10 schools, the chief academic

officer when she was in her

late 30s, became fluent in

Russian and frempbl, she speaks

the language of both of

America's adversaries and she

became really an educated

herself as a foreign policy

expert. So I think they're

alternate mod es of how women

can succeed and I think Condy

is much more au then it than

Hillaries. It's always

interesting getting your

perspective. You've obviously

work on the inside of both

sides of the politics in

America, we thank you for

joining us. Thank you.

now here's

'Lateline Business' with Ali

moor. Tonight - conflicting interests with how can

directors work for shareholders

when they're involved in their

own private equity deals. And

polluter pays, Australia's

biggest retail energy supplier

calls for a carbon trading


There should be an

appropriate penalty to incent

those polluters to adjust their

behaviour or mitigate the

carbon emissions and that's the

essence of a carbon trading


Straight to the markets now

and the All Ords shot to

another record high boosted by

gains in banks and Telstra. The

ASX 200 also rose adding 48

points. Improved investor

confidence saw the Nikkei shrug

off yesterday's loss. I was a

similar story in Hong Kong with

the Hang Seng up 1%. And the

FTSE has jumped to a 6-year

high in early trading. First,

shares in takeover target

Multiplex gained another 1%

today as investors continued to

weigh up the latest private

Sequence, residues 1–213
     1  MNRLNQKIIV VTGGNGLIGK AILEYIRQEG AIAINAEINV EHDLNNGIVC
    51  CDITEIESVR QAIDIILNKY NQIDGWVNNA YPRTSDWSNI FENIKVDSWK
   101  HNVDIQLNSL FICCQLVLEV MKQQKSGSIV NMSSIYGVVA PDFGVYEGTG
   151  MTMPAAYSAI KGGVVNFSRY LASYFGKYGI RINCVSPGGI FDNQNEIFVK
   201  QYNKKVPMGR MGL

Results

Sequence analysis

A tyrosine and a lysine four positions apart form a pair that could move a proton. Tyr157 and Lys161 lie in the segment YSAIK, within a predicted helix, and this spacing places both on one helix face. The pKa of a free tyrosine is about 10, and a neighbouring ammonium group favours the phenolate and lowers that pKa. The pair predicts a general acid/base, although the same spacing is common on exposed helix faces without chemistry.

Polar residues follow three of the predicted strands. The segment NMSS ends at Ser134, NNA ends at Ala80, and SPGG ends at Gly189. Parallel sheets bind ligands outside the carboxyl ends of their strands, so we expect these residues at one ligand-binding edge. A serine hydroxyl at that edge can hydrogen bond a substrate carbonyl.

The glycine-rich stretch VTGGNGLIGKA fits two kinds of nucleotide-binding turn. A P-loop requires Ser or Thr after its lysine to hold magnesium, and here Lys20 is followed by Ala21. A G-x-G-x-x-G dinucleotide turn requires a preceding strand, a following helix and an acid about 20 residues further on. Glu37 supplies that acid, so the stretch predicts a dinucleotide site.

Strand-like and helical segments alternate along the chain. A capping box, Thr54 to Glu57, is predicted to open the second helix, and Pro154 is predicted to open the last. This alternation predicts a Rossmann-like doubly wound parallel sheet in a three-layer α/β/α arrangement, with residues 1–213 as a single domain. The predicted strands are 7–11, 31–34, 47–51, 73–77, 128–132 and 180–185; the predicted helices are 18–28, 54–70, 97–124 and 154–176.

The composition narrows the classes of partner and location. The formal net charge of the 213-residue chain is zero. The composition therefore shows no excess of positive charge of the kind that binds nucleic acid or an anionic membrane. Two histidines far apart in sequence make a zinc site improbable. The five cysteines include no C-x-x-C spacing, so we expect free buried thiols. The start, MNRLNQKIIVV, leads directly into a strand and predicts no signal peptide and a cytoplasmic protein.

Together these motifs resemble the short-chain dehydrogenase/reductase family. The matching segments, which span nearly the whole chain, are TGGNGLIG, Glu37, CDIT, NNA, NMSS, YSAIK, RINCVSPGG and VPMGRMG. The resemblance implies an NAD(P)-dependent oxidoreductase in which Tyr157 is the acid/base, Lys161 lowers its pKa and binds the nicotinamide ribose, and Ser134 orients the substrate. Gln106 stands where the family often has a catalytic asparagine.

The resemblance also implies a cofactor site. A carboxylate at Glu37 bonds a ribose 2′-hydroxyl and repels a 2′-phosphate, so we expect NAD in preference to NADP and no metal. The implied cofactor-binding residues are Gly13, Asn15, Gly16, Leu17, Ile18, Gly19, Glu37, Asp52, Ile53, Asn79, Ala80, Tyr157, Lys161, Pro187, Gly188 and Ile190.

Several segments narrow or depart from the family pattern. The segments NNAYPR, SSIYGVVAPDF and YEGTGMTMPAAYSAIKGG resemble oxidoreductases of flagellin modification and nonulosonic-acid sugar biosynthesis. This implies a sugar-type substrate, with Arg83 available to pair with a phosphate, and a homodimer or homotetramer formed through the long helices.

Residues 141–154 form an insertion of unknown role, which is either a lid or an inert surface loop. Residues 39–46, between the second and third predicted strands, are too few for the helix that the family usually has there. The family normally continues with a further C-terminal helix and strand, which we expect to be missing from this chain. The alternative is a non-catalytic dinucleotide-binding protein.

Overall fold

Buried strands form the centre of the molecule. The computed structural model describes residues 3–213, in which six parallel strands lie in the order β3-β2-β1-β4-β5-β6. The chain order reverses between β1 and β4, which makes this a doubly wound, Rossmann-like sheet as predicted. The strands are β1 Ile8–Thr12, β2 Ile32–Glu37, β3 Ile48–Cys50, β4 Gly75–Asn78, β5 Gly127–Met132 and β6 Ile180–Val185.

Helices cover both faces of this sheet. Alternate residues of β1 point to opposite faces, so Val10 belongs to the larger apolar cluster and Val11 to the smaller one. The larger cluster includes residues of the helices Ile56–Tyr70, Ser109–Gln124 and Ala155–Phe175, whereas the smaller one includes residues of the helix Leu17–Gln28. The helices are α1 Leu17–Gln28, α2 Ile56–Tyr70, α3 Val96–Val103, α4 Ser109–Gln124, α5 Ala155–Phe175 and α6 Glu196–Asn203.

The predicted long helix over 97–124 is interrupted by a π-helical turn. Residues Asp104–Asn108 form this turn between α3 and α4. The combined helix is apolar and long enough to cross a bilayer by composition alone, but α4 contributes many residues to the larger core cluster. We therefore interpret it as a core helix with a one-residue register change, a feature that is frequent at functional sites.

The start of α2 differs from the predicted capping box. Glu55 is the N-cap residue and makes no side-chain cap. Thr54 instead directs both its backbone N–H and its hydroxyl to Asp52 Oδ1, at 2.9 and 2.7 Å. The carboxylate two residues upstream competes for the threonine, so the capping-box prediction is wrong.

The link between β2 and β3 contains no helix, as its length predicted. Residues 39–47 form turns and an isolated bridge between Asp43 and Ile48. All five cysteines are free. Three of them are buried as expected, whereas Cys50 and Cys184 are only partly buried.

equity deal to hit the

Australian market. As Canadian-based Brookfield Asset

Management considers whether to

make a formal bid, the Roberts

family, which controls

Multiplex, has quickly stepped

aside from its duties with the

company. It's in stark contrast

to other takeover targets where

key directors who stood to

benefit from private equity

deals either stayed in place or

had to be forced out. That's

raised the question of just who

some company directors are

working for when private equity

comes knocking at the door.

It's an issue starkly

highlighted a few weeks ago

when then chairman and compeef

executive of West Australian

gas utility Alinta revealed

they were leading a proposed

management buyout. Qantas looks

set to pass into private hands

in what amounts in Australia's

biggest aviation take over. Bob

Browning the man spearheading a

multibillion dollar bid for

Alinta has resigned. Coles Myer

said today it has rejected a $17 billion takeover

offer. Alinta by any measure is

the low point but private equity's embrace of management

and the management buyout has

spawned a number of seriously

conflicted executives an

boards. Shareholders are really